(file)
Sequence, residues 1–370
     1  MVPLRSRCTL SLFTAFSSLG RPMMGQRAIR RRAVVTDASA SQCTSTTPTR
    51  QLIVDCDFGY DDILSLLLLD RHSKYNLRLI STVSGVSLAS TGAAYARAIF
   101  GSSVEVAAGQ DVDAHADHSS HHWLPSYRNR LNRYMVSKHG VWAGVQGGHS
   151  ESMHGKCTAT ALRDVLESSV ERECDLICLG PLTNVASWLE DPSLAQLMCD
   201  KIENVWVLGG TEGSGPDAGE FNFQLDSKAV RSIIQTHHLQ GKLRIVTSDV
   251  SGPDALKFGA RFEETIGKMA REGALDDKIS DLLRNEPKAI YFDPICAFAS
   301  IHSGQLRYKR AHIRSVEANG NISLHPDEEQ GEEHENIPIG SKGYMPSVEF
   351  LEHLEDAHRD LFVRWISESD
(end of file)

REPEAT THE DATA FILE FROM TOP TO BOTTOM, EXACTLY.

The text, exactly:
Sequence, residues 1–370
     1  MVPLRSRCTL SLFTAFSSLG RPMMGQRAIR RRAVVTDASA SQCTSTTPTR
    51  QLIVDCDFGY DDILSLLLLD RHSKYNLRLI STVSGVSLAS TGAAYARAIF
   101  GSSVEVAAGQ DVDAHADHSS HHWLPSYRNR LNRYMVSKHG VWAGVQGGHS
   151  ESMHGKCTAT ALRDVLESSV ERECDLICLG PLTNVASWLE DPSLAQLMCD
   201  KIENVWVLGG TEGSGPDAGE FNFQLDSKAV RSIIQTHHLQ GKLRIVTSDV
   251  SGPDALKFGA RFEETIGKMA REGALDDKIS DLLRNEPKAI YFDPICAFAS
   301  IHSGQLRYKR AHIRSVEANG NISLHPDEEQ GEEHENIPIG SKGYMPSVEF
   351  LEHLEDAHRD LFVRWISESD